Acer platanoides, Quercus castaneifolia, Tilia begonifolia, Ulmus glabra and Zelkova carpinifolia in the protected stand was the higher than the harvested stand. The SIV of other tree species (Fraxinus coriarifolia, Mespilus germanica, Cerasus avium, Pyrus communis, Prunus divaricata and Sorbus torminalis was almost equal in the harvested and protected stands (Figure 1). Volume of different tree species in the harvested and protected stands is shown in Figure 2. The volume of all tree species in the protected stand was higher than in the harvested stand. The volume of Fagus orientalis in harvested and protected

stands was 51.5 and 74.5 m3.ha-1. Seedling of different tree species in harvested and protected stands are shown in Figure 3. The seedling density of all tree species, except of

Carpinus betulus, in the protected stand was higher than in

Harvested

Protected

C A

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significant (P < 0.001) and the result are shown in Figure 4. The regression analysis between DBH and tree density in the harvested and protected stands was also statistically significant (P < 0.001) and the results are shown in Figure 5. The regression analyses applied to test the relations between DBH and stand volume in the harvested and protected stands that were statistically significant (P < 0.001) and the result are shown in Figure 6.

Biodiversity indices in harvested and protected stands are shown in table 3. The value of diversity index in the protected stand (0.84) was significantly higher (P < 0.01) than harvested stand (0.72). The value of evenness and richness indices in the protected stand were also higher (P < 0.01) than in the harvested stand. ANOVA tests showed the DBH classes had significantly affect (P < 0.01) on the means of biodiversity indices in the harvested and protected stands (Table 4). The highest diversity value in

the harvested stand was observed in DBH of 70-100 cm, while DBH of > 100 cm had the highest evenness value in the protected stand. The highest richness value was observed in DBH of 10-40 cm in the both of harvested and protected stands.

The results of t test showed were not significant difference between the values of diversity index in two stands in the DBH class of 10-40 cm (Table 5). While, the values of diversity index in the DBH classes of 40-70, 70-100 and > 70-100 cm in the protected stand were significantly higher than harvested stand (Table 5). The value of evenness index was significantly higher in the protected stand than the harvested stand only in the DBH class of > 100 cm (Table 5). The values of richness index in the all of DBH classes in the protected stand were significantly higher than the harvested stand (Table 5).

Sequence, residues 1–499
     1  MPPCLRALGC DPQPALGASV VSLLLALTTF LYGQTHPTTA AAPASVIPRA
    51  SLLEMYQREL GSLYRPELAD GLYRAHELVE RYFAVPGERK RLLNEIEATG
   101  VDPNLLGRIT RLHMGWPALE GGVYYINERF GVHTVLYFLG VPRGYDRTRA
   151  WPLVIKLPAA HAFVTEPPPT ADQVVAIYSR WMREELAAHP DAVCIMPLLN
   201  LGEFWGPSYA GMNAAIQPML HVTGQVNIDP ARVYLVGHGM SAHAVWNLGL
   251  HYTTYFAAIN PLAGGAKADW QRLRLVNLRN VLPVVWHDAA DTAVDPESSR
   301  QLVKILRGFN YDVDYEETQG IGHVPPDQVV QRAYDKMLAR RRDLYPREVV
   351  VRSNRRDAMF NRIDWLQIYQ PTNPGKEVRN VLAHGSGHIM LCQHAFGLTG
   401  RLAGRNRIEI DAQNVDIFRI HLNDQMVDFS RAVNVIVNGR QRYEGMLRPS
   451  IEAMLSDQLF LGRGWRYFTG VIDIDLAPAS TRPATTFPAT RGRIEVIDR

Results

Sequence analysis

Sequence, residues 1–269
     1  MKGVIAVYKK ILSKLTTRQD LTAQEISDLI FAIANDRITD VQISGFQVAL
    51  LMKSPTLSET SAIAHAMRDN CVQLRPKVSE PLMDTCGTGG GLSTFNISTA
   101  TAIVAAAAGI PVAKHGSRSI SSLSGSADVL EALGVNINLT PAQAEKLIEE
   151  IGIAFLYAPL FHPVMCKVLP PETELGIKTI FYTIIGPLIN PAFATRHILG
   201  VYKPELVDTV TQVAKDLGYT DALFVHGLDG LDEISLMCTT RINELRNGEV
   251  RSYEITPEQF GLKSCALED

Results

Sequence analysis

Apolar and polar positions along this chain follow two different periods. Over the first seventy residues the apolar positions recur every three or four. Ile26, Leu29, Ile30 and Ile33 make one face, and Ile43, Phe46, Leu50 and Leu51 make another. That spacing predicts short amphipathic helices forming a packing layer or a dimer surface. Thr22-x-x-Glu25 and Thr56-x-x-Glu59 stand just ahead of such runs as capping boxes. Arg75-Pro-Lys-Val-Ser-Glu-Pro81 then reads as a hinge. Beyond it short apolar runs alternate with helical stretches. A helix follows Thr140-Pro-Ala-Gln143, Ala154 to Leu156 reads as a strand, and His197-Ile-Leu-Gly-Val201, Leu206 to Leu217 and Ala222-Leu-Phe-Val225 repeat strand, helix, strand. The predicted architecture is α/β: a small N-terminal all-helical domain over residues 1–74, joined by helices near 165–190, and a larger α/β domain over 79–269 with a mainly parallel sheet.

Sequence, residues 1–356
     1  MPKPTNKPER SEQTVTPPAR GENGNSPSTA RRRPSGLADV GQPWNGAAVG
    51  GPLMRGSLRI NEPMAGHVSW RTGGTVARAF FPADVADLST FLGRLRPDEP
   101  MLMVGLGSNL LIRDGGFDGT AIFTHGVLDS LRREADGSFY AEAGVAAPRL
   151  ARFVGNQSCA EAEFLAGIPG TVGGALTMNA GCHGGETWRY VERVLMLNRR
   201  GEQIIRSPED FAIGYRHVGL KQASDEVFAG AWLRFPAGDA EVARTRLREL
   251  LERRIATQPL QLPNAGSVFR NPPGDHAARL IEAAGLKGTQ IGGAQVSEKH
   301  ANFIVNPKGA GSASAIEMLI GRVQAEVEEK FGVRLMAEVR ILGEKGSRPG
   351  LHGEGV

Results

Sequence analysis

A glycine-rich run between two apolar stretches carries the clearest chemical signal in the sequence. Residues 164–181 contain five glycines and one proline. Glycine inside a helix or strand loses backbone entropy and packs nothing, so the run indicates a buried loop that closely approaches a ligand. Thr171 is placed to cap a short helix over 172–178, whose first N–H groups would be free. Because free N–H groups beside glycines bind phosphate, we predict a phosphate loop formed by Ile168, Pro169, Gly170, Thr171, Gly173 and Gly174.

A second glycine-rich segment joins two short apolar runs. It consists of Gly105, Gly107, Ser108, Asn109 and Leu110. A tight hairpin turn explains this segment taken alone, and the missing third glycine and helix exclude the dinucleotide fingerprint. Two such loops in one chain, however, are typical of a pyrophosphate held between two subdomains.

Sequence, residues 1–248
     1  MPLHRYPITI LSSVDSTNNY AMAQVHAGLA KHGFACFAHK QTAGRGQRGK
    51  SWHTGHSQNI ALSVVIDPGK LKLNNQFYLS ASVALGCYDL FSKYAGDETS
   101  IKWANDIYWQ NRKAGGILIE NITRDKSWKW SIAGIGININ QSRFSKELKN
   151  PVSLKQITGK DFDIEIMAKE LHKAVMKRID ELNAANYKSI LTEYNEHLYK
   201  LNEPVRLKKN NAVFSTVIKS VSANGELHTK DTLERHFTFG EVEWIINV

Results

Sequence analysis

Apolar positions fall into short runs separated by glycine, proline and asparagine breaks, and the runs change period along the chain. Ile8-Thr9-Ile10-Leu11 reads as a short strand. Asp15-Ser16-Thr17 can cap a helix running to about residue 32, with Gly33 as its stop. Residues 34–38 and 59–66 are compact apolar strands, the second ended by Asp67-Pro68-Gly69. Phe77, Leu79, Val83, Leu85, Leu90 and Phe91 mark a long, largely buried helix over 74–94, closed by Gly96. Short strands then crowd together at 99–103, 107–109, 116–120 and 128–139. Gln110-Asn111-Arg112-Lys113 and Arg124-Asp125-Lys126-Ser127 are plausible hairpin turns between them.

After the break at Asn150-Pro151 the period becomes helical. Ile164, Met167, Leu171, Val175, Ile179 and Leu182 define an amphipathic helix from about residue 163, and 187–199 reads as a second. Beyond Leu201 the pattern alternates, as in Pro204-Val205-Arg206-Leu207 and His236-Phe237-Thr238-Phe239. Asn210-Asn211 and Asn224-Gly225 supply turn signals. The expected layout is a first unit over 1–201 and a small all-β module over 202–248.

Table 1.Stand parameters (mean ± standard deviation) in the study sites.

Parameter Harvested Protected T-Value

Tree density (stem.ha-1) 232.7 ± 57.7 344.1 ± 41.3 11.14**

Basal area (m2.ha-1) 17.4 ± 2.3 24.9 ± 5.2 8.59**

Volume (m3.ha-1) 154.3 ± 14.2 257.3 ± 17.3 31.05**

Seedling density (stem.ha-1) 350.4 ± 18.1 486.8 ± 68.5 10.87**

Note: **: P < 0.01.

Table 2. Frequency and basal area of tree species in the study sites.

Density (stem.ha-1) Basal area (m2.ha-1)

Tree species Family

Harvested Protected Harvested Protected

Fagus orientalisLipsky Fagaceae 66.8 89.1 5.1 7.9

Carpinus betulusL. Corylaceae 32.6 54.7 2.8 3.4

Acer insigneBoiss. Aceraceae 28.1 38.0 2.3 2.6

Acer cappadocicum Gled. Aceraceae 26.5 32.6 1.8 2.3

Alnus subcordata C.A.M. Betulaceae 25.0 30.1 1.1 1.7

Acer platanoidesL. Aceraceae 23.3 28.4 0.7 1.4

Quercus castaneifoliaGled. Fagaceae 9.6 20.5 0.9 1.6

Tilia begonifoliaStev. Tiliaceae 5.2 20.3 0.7 1.8

Ulmus glabra Huds. Ulmaceae 3.3 10.8 0.6 1.4

Zelkova carpinifoliaDiopp Ulmaceae 2.8 8.5 0.5 1.0

Fraxinus coriarifolia Scheel Oleaceae 2.2 4.1 0.3 0.6

Mespilus germanicaL. Rosaceae 2.0 2.4 0.1 0.2

Cerasus avium L. Rosaceae 1.7 2.0 0.1 0.2

Pyrus communisL. Rosaceae 1.2 1.8 0.1 0.1

Prunus divaricataLedeb. Rosaceae 1.0 1.5 0.1 0.1

Sorbus torminalisL. Rosaceae 0.5 0.8 0.1 0.1

Table 3.Biodiversity indices (mean ± standard deviation) in DBH classes.

Diversity* Evenness Richness

DBH (cm)

Harvested Protected Harvested Protected Harvested Protected